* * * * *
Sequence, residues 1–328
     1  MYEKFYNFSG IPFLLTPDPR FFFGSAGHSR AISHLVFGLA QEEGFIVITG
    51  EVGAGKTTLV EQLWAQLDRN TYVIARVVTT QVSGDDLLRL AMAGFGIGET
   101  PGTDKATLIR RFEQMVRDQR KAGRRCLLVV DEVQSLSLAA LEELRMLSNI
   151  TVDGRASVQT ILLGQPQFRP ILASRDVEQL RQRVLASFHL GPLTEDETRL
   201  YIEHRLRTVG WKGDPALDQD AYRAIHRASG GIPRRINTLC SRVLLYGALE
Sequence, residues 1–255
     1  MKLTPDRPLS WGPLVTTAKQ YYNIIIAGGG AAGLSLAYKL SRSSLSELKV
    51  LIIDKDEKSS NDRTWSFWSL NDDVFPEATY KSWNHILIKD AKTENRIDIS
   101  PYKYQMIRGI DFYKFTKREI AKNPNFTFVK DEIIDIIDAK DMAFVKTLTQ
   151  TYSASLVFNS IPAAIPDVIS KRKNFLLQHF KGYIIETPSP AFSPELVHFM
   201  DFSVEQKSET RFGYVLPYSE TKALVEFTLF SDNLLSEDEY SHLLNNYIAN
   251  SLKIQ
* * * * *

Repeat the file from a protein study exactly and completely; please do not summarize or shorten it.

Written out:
Sequence, residues 1–328
     1  MYEKFYNFSG IPFLLTPDPR FFFGSAGHSR AISHLVFGLA QEEGFIVITG
    51  EVGAGKTTLV EQLWAQLDRN TYVIARVVTT QVSGDDLLRL AMAGFGIGET
   101  PGTDKATLIR RFEQMVRDQR KAGRRCLLVV DEVQSLSLAA LEELRMLSNI
   151  TVDGRASVQT ILLGQPQFRP ILASRDVEQL RQRVLASFHL GPLTEDETRL
   201  YIEHRLRTVG WKGDPALDQD AYRAIHRASG GIPRRINTLC SRVLLYGALE
Sequence, residues 1–255
     1  MKLTPDRPLS WGPLVTTAKQ YYNIIIAGGG AAGLSLAYKL SRSSLSELKV
    51  LIIDKDEKSS NDRTWSFWSL NDDVFPEATY KSWNHILIKD AKTENRIDIS
   101  PYKYQMIRGI DFYKFTKREI AKNPNFTFVK DEIIDIIDAK DMAFVKTLTQ
   151  TYSASLVFNS IPAAIPDVIS KRKNFLLQHF KGYIIETPSP AFSPELVHFM
   201  DFSVEQKSET RFGYVLPYSE TKALVEFTLF SDNLLSEDEY SHLLNNYIAN
   251  SLKIQ